2) Grammar

My stand to have just one language is simply to attain perfection. After all, just doing one thing daily brings you an inch closer to perfection. In our case we are far from it and I blame our bilingual/tri-lingual tongue. We are mediocre in all our languages. In our English-speaking schools and colleges, Hindi is taught insipidly. Now wonder, we can say our abc’s better than k, kh, gs.

To make things worse we have added Hindi conjunctions and interjections in our English sentences besides nouns .  One of the two most over-rated two-letter Hindi word Na makes me cross. I told you na, Do it na, See na. The word Na in Hindi simply is to put emphasis on the statement. I see no use of it in Hindi too. So hearing it also in English is annoying, na? The second word is Ki. I told you ki she is coming, He said ki he won’t come. Here ki means ‘that’ in Hindi and I have no idea why can’t people say that for that in English. They say it so frequently ki my ears hurt!

And finally, 3) the literal translations.

I remember telling a Scottish colleague of mine in the UK long time ago that he must be upset as I was ‘standing on his head’! Now, I could see that it made no sense to him. It is a common expression in Hindi. The phrase ‘standing on someones head’ means bothering somebody by being around them whereas in English it means you can do something easily! What a contrast! And no wonder he looked flummoxed and expressed surprise when I said so. And the second one which I use for my daughter at times is “don’t eat my head” to which a non-Hindi speaker will not be able to fathom. Translations of phrases are a bad idea and should not be attempted at all but it comes naturally for speakers of more than one language.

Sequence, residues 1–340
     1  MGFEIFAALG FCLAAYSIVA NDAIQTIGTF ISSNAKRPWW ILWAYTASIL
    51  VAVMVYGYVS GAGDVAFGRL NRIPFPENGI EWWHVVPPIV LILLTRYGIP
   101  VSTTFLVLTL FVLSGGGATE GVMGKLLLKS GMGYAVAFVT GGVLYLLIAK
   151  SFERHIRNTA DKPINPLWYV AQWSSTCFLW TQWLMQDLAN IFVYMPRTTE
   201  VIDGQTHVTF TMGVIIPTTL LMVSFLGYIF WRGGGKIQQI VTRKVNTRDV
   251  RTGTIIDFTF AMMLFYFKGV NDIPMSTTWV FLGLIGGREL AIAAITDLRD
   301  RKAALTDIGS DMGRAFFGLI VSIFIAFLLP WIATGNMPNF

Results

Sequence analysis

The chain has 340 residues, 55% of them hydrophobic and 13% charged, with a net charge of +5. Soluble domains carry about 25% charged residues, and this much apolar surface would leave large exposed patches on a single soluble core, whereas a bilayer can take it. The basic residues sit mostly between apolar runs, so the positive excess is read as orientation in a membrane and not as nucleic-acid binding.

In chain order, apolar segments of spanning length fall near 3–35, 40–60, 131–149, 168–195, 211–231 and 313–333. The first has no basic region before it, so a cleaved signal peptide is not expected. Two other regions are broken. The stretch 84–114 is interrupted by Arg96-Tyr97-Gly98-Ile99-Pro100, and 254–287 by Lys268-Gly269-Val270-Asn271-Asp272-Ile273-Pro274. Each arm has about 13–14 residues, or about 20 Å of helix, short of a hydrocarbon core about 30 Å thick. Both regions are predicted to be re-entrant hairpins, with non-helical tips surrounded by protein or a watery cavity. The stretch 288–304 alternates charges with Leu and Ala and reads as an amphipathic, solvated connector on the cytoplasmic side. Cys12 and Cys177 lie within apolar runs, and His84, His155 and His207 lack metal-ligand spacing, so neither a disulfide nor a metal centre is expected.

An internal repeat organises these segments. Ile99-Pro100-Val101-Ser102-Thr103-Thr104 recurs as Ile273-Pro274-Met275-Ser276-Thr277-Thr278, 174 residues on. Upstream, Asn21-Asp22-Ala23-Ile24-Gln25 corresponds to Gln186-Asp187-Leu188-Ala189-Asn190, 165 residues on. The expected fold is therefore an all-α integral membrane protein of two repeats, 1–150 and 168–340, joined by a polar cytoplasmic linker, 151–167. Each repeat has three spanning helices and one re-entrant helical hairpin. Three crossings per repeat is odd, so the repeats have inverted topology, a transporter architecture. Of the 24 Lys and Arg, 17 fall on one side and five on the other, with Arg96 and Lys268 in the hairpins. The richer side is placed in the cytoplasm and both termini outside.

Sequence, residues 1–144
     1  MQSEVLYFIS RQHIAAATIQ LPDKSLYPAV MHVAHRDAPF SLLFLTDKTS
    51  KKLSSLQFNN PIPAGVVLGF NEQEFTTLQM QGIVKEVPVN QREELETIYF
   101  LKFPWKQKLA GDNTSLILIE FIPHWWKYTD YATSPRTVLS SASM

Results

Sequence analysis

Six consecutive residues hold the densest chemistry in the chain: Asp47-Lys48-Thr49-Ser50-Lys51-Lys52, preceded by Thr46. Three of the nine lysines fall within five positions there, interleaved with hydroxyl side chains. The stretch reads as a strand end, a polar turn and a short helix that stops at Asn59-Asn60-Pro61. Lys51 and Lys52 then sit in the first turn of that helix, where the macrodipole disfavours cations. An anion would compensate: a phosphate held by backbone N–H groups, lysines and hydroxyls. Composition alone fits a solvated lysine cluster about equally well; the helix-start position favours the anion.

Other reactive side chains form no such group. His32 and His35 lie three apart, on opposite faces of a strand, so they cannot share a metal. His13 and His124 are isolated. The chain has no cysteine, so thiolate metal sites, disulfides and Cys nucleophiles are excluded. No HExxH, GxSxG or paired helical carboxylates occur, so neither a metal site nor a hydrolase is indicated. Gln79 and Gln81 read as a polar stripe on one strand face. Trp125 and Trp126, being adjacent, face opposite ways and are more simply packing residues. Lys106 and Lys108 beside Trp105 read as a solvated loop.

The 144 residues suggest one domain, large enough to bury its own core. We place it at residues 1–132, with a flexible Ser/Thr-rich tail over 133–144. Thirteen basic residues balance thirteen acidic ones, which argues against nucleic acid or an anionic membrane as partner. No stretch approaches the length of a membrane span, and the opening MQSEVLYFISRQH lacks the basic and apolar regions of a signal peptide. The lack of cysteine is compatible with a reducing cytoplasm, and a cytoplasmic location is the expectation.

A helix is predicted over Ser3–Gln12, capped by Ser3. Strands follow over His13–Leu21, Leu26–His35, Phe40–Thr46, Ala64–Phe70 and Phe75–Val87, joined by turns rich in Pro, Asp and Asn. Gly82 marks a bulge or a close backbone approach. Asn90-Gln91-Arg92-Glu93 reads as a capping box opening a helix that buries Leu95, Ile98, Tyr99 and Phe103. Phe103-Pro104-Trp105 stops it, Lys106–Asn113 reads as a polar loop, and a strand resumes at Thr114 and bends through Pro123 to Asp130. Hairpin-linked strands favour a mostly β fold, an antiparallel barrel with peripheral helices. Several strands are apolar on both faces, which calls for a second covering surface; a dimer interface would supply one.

So yes, the quest of achieving perfection in a language especially in a country like ours which has hundreds of languages is far from being achieved. And asking users to exclusively speak just one language at a given time seems impossible now. Maybe someday people like me would get familiar with this fusion of languages just as we have accepted using parsley and thyme in our Indian cooking.


 

The image on top is of a ‘cool cow’  or a ‘cool guy’. The Hindi word for  a cow is a gaay which as you can now tell is a homophone . Hinglish at its best! 🙂